Knowing the story of a garment helps us integrate it into our personal style in a way that’s unique to who we are while also being true to history. It is similar to understanding the words we use to describe ourselves, because when we use clothing we are describing ourselves to the world around us in a way. When use words without knowing their root meaning, or honestly forget their definition altogether, we lose a sense of what we are saying. Similarly, when we don't understand the history of a garment we can stigmatize certain clothing pieces as coming from an isolated century or connoting only one meaning.
Last week we had a lot of fun on our Instagram exploring the historical background of various garments (from corsets and tights to trousers and heels) and how much there is to explore in each one’s history!
Why are we drawn to certain garments and overlook others? Often we hold a subconscious
connotation to an event, environment, or person that we hold with each piece. All of that is so beautiful- and we can deepen the meaning of what we wear by learning more about each piece! We got so excited about this that we decided to do a bit of research on some of our favorites.
Let's begin with the corset. It is often misunderstood as an objectifying piece that confines a woman to an unrealistic demand on her body. Well, why it can definitely be used for that it was initially incorporated into daily dress for back support. The corset originated in Greece with the Minoan culture and was worn by both men and women (read more: Tahlia Mckellar Textiles). Over time it began to emphasize the desired shape of the century (typically associated with the bourgeoisie)—but there are still records of the lower class making their own corset-type devices out of inexpensive materials for the continued desire for back support. It is considered to be one of the first bras, and is still used inside a lot of formal wear today!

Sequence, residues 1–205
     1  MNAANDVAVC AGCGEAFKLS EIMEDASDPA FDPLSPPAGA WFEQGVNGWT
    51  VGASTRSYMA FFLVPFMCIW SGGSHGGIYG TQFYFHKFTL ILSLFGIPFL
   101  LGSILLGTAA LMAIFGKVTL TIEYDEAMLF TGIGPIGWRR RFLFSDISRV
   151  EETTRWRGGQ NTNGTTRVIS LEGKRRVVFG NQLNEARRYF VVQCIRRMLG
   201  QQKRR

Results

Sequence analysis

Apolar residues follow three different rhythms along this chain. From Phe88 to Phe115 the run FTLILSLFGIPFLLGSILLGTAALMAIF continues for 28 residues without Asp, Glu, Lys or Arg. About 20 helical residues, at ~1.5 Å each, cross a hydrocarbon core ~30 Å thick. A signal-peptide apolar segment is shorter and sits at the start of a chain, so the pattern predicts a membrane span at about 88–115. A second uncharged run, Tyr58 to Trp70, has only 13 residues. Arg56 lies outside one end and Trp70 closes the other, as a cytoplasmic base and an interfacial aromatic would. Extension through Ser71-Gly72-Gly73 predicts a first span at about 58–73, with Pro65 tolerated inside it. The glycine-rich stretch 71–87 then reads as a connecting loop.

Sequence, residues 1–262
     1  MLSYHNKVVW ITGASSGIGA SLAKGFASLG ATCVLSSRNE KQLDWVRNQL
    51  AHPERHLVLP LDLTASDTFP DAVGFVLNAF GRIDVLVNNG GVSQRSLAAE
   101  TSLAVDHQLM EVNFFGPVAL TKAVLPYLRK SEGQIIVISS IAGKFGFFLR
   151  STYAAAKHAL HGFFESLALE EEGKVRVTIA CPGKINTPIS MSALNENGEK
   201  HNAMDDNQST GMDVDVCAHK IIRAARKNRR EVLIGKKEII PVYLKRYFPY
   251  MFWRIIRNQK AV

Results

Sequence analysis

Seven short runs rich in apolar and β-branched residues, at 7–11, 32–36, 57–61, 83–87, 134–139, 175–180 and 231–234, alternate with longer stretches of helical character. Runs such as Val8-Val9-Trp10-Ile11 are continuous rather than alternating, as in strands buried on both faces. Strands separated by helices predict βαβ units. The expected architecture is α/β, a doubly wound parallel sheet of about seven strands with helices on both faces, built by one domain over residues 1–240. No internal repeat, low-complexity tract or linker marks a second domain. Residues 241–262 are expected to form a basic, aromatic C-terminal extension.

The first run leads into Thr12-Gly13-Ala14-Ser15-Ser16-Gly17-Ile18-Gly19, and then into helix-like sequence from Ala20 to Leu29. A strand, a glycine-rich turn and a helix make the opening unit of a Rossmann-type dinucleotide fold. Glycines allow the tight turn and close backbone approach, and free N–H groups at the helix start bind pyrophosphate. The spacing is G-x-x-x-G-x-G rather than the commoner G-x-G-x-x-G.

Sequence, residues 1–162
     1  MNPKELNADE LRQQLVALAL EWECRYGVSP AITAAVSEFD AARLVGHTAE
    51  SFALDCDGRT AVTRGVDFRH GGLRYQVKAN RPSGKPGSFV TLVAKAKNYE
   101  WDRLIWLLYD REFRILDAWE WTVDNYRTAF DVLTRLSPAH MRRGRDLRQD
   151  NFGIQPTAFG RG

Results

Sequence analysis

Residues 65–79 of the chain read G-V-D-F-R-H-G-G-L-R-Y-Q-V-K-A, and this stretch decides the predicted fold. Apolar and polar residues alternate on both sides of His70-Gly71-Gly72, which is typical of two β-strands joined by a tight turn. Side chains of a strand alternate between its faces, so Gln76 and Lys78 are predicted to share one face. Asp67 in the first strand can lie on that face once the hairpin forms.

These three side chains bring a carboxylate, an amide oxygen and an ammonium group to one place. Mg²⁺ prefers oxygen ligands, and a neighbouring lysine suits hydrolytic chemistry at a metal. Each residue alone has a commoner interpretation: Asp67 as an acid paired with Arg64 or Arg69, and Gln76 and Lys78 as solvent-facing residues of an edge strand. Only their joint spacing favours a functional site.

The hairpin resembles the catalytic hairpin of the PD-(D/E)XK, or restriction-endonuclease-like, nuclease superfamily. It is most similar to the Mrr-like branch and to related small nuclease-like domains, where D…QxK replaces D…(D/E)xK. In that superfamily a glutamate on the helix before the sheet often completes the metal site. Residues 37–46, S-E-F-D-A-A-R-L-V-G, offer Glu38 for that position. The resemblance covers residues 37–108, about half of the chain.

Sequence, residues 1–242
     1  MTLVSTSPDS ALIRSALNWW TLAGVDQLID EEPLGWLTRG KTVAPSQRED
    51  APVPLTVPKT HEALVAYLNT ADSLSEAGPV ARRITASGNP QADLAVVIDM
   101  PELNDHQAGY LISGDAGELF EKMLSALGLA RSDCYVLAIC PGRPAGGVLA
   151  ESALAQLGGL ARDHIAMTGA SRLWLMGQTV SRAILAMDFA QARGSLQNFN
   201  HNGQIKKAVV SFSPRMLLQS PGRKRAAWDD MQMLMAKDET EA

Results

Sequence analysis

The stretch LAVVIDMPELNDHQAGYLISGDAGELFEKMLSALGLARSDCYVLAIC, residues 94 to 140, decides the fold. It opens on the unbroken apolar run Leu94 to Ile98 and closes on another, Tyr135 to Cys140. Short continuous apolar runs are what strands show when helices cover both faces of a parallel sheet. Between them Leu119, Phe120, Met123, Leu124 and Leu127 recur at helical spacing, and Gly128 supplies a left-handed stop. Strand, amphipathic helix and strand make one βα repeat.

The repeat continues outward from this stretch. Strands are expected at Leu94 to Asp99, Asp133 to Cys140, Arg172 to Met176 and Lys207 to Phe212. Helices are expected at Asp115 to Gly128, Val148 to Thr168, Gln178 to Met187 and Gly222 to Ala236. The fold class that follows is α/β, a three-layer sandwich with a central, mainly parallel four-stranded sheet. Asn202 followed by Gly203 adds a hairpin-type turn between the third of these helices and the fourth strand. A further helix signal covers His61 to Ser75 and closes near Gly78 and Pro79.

The more it evolved, the more it began to do the opposite of it is purpose, “Some doctors blamed the corset for respiratory diseases, deformity to the ribs, damage to internal organs, birth defects, and miscarriages, while others approved of “moderate” or “health” corsets that were less rigid and helped support the body” stated by Vogue UK. But there are still women who use corsets today and argue that if a corset is used properly (meaning it fits the woman's body and not improperly tightened) it has great benefits (read more here). Our Lavinia Jacket is even inspired by the history of corsetry! We tagged some videos down below if you want to learn more.
Stockings are one that we didn’t expect to be so interesting. Also known as hosiery, they were initially made of pure silk, recognized as a symbol of wealth, and created for noblemen who rode horseback in the 15th and 16th centuries.
In the 1800's the idea to make hosiery in such a way that they could be a replacement for petticoats began— as did calling them tights. It provided some warmth, but more importantly, it was an invention to give women more movement while maintaining the modesty standards of the day. This is where it became controversial. Even though the tights would not be seen under a long dress, some still argued it was too revealing for a woman to remove the layers of petticoat from under her gown. Check out more on the history of tights, and when they were openly accepted due to WWII, here. As we know today, tights are widely worn by women all over for style and practical purposes!
Speaking of personality, one of the classic accessories to detail an outfit: shoes--particularly--heels! Ah, heels—we love the elegance when we wear them, but it takes a lot of work to find a comfortable pair! Where did these iconic shoes come from? Originally they were made in the 10th century for the practicality of aiding those on horseback.